Shyogwe Guest House is fairly new, we have electricity and hot running water (in some of the rooms at least). A pleasant breakfast, no porridge in Shyogwe, but the regulation omelette soon appeared.
Then it was off to Gikomero to meet with Bridgitte the nurse supported through our Nurse + Project. This was our first opportunity to meet her but we felt we knew her already from her letters and photo’s. She greeted us like long lost friends and became quite emotional as she tried to convey her appreciation for the support she has received, she wanted to say so much but did not have good enough English to express herself. A great deal of smiling, hand shaking and hugging delivered the message very clearly
As we stood talking with the clinic director, Carmen seemed to collect children – two hands to hold just weren’t enough
This health centre, started just 6 years ago with one microscope in a small house, the pastor’s wife (a nurse) started doing blood tests to check for malaria and other parasites. With funding from the local government and some input from larger charities, this health centre now consists of 4 new buildings treating up to 150 patients a day plus 20 beds and a maternity unit. The staff consist of eight nurses, only two of whom are qualified to degree level. Five are government funded, the Diocese have to fund the rest, they have never had a visit from a doctor!!!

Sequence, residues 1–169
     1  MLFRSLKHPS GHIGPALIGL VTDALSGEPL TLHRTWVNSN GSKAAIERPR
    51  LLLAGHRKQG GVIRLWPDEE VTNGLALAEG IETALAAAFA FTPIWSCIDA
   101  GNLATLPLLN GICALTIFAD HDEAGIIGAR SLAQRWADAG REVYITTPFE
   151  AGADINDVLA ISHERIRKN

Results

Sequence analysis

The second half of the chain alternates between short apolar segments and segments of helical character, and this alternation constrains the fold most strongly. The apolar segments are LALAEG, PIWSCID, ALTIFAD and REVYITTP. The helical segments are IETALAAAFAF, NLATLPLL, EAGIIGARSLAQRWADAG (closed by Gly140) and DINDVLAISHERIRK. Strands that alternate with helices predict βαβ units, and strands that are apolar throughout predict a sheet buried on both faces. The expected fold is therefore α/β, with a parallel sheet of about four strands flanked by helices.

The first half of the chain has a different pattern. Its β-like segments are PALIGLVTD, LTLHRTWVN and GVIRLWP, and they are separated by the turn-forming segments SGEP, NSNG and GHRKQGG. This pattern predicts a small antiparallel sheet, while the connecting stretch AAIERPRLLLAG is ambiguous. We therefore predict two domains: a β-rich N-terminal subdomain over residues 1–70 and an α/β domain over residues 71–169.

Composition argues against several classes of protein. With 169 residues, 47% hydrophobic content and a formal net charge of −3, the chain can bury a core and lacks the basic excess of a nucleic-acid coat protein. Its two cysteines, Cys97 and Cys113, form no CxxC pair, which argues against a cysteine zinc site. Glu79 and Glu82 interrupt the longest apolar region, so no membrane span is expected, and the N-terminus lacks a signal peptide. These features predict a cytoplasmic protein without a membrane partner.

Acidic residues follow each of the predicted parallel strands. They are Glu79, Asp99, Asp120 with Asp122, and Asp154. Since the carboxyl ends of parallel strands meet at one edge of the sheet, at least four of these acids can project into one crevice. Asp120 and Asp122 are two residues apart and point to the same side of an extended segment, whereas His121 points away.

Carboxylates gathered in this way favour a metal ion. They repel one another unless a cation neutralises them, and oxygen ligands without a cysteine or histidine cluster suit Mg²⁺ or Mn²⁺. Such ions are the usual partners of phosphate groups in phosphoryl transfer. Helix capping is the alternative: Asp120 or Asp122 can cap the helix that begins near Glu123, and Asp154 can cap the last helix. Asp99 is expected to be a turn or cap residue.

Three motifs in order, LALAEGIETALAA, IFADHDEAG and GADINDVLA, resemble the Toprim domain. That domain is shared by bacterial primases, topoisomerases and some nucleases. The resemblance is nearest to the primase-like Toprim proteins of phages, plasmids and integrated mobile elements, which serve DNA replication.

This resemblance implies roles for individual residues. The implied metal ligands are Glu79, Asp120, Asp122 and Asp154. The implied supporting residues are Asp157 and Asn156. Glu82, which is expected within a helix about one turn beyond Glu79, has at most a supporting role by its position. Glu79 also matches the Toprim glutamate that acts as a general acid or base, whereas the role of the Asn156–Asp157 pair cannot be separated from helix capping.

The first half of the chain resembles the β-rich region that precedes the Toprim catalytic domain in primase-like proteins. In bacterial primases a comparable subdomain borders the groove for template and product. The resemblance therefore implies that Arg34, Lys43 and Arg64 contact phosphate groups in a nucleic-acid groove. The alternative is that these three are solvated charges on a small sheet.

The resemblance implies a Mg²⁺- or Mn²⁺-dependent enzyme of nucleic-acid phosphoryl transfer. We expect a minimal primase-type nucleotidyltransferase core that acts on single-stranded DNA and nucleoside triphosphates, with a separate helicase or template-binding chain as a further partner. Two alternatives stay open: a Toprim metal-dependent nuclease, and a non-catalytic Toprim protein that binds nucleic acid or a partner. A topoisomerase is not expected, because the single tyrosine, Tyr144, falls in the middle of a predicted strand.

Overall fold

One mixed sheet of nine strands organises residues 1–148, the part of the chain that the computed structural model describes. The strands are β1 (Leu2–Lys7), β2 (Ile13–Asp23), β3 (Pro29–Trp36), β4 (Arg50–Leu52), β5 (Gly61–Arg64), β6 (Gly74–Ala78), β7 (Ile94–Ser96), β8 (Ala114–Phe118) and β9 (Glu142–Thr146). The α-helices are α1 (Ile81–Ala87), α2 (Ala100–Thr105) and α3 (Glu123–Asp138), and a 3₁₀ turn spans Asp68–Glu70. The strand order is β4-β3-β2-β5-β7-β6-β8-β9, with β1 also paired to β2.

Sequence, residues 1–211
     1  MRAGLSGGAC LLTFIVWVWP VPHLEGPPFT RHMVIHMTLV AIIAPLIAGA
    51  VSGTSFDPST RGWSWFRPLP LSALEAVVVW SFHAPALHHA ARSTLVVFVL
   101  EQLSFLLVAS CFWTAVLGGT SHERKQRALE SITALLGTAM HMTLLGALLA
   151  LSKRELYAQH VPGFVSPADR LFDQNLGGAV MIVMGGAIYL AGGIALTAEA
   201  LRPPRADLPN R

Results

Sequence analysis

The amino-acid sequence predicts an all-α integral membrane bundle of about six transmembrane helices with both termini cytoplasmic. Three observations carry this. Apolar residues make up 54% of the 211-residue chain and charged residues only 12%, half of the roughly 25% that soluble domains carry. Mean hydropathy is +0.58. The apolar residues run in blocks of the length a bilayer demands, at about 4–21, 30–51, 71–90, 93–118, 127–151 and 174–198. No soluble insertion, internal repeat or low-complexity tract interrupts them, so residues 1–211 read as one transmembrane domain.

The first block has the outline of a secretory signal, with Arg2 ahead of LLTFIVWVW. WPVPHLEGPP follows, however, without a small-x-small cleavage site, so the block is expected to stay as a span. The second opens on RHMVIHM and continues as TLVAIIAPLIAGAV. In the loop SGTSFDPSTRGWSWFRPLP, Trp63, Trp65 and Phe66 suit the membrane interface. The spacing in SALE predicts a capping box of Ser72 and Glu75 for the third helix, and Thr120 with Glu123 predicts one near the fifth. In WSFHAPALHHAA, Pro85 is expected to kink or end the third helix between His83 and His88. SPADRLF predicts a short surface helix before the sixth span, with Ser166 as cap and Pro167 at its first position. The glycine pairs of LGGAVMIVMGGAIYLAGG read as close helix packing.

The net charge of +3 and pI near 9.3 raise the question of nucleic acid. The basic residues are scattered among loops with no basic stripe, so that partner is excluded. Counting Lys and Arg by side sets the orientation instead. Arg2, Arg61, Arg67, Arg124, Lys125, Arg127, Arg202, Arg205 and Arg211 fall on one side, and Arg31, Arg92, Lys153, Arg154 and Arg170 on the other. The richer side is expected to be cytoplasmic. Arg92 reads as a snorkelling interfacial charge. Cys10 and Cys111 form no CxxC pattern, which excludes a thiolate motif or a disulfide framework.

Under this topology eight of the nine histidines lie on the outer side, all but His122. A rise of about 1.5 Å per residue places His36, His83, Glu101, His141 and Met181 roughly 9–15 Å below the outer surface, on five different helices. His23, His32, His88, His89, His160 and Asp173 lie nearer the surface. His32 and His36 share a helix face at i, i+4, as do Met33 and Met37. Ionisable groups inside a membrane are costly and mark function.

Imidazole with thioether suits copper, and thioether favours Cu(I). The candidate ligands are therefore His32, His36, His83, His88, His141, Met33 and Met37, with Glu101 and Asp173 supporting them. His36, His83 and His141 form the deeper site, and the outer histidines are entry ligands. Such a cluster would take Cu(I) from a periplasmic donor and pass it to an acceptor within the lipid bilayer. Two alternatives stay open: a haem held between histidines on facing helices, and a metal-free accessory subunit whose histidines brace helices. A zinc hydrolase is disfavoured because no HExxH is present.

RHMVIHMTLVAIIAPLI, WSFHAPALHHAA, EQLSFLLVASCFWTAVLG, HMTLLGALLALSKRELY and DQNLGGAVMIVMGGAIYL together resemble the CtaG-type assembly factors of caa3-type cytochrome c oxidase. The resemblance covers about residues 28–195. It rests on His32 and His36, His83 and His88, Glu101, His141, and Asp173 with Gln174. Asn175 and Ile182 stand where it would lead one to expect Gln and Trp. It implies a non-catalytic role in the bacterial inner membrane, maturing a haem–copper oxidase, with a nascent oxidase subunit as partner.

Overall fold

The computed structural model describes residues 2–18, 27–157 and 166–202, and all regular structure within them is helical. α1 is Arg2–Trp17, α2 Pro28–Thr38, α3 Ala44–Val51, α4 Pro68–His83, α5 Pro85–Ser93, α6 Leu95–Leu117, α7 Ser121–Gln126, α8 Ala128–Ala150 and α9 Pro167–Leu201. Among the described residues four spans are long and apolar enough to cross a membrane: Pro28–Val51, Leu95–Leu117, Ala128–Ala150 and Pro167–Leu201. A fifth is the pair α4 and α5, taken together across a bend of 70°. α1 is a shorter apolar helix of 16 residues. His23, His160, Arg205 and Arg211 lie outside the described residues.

The challenges are immense, lack of medicines, equipment and a broken water pump are just a few of the challenges faced, the staff however, far from moaning and complaining, work very long hours, smile, praise God for the things they are able to achieve and pray they will be paid at the end of the month (there are no guarantees).
We have been in Rwanda less than a week but in our hearts have already allocated all our available funds, our heads of course will not make final decisions until we return to the UK.
The rain continues to make the roads interesting although many have been improved beyond recognition. There is real progress being made by the government here improving the infrastructure and supporting rural communities, but there is still so much to be done.